More Than Just a Festival: Karatsu Kunchi Part 2 – Otabisho Shinkou

Part 2: We went to Karatsu Kunchi, an autumn festival in Karatsu, Saga. As this festival is a three-day event, we will divide this article into three parts and talk about the charm of Karatsu Kunchi. This is the part 2 of this article, where we report on Otabisho Shinkou on November 3rd!

Part 1: More Than Just a Festival: Karatsu Kunchi Part 1 - Yoiyama

Departing from Karatsu Civic Hall

It was around 9 am. What I’m seeing right in front of me are the 14 hikiyama. From the left, I see Akajishi (Red Lion), Aojishi (Blue Lion), Kame to Urashima Taro (Turtle and Urashima Taro) and more… They’re lined up in the order of the year they were made.

It was completely packed with people trying to take pictures and hikiko who are standing by. They depart at 9:30 am.

It’s 9:30 am. The second day starts with michibayashi music played by performers riding Akajishi (Red Lion), the 1st hikiyama. Michibayashi refers to a type of hayashi, Karatsu Kunchi’s festival music, and it is played only on the approach to the shrine. This hayashi has such a touching melody, which moves the audiences’ hearts, and it’s not just festival music but great music. When people used to choose their cellphone’s ringtone, many people enjoyed a hayashi ringtone. Although every district plays basically the same melody, the tempo is slightly different depending on the district. After the music starts, hikiyama start moving.

After Kame to Urashima Taro (Turtle and Urashima Taro), comes the mikoshi (portable shrine) with the priest of Karatsu Shrine. hikiyama were created to serve the gods, so by putting the mikoshi between the hikiyama, they fulfill their mission.

This is the 4th hikiyama, Minamoto no Yoshitsune no Kabuto (Helmet of Minamoto no Yoshitsune). Its brave profile is very impressive, isn’t it?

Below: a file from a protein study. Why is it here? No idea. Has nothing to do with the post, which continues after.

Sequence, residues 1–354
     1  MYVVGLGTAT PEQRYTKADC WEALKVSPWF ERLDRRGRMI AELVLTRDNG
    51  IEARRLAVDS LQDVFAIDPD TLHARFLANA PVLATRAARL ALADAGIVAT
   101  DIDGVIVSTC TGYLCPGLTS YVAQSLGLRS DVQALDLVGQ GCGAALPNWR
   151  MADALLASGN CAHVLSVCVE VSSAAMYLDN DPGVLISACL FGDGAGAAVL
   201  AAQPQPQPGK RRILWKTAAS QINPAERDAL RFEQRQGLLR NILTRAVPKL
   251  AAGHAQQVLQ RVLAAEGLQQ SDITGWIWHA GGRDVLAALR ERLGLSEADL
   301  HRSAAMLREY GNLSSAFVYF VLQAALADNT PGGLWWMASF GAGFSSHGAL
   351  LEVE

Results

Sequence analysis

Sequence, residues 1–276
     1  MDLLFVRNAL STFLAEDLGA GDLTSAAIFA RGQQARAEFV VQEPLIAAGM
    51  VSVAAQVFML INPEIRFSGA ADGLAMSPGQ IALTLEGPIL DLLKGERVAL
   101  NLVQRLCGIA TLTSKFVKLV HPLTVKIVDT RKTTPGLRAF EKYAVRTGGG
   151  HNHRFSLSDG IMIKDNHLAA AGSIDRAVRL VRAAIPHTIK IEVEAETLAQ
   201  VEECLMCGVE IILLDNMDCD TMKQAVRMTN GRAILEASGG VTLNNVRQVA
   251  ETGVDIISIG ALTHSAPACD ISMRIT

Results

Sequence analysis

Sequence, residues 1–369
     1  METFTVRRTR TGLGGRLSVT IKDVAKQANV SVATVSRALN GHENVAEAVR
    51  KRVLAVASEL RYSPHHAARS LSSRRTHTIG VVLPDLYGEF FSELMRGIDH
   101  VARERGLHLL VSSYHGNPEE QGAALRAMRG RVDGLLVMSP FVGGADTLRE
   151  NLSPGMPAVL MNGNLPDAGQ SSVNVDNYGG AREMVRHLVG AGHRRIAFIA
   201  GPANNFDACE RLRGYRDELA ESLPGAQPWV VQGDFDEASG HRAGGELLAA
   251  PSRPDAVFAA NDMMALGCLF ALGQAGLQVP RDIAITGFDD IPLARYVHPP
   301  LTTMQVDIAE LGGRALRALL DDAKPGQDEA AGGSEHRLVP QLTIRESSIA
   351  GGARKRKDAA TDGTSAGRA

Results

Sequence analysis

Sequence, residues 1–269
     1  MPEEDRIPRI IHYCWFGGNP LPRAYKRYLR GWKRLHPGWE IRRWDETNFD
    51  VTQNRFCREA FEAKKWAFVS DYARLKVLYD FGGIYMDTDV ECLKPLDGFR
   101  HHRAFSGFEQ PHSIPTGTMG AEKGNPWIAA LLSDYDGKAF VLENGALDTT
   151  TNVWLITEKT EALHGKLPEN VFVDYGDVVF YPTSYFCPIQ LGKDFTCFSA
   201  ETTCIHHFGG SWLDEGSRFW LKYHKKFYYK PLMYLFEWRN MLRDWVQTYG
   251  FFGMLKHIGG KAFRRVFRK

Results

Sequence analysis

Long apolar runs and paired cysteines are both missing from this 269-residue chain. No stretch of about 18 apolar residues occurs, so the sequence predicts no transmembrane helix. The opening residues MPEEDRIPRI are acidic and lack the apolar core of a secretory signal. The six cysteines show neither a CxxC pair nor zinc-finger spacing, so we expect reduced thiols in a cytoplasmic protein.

By the time the 12th hikiyama, Tamatorijishi (Tamatori Lion), departs, the spot where hikiyama were lined up is filled with stands.

After the last hikiyama, Shichihomaru, departs, you can either enjoy the stands or just follow the hikiyama as they go. Let’s prepare for the biggest event of the day, Otabisho Shinkou.

What is Otabisho Shinkou?

Otabisho of Otabisho Shinkou refers to the grounds of the old Taisei Elementary School, located near the Nishi no Hama beach. They gather sand from the beach, spread it over the ground and set up a platform for the gods in the center. hikiyama, which departed at 9:30, assemble together here in Otabisho around noon. This is called hikikomi.

After hikikomi, hikiyama will stay on the grounds and the hikiko take a break for a while. This lunch break is the best chance for taking pictures. The hikiyama lined up around the platform shine the brightest! Even though it might be difficult to capture all of them at once, you can get really close to the hikiyama and take pictures during this break, so please check it out.

However, I actually have no pictures of hikikomi. The way hikiko pay their respects to the gods and enter Otabisho is very dramatic. I did want to take pictures, but I have a legit reason that I had to give up that chance…

Is Karatsu Kunchi a “Hell” for Women?

While men are all wearing the same happi coat and having fun screaming “enya enya”, what are their wives and daughters doing?

Here’s the answer: all wearing the same aprons and cooking at home.

Well, maybe the aprons are not the same. But the point is that Karatsu Kunchi for women is “the three days where they keep cooking from morning to night for their guests and the hikiko.” The 2nd day is when we have the most guests, and that is why I, a daughter of a hikiko, had no time to watch hikikomi.

The Kunchi feast used to be called Mitsuki Daore, meaning “three month fall”, because people spent three months of salary for these three days. The most famous Kunchi feast is Ara no Sugatani, which is an expensive Ara fish, boiled whole. This fish is at least 5 kg and the bigger ones are 50 kg.

Although we usually invite hikiko and their friends, or people we interact with on a daily basis, there are many people who we see only during the festival. In Japan, it’s usually the Bon festival in August or New Year’s Day when kids come home, but in Karatsu, it is Karatsu Kunchi (they skip the New Year or Bon, but they come back for Kunchi). For Karatsu locals, the festival is also an important opportunity to communicate with each other.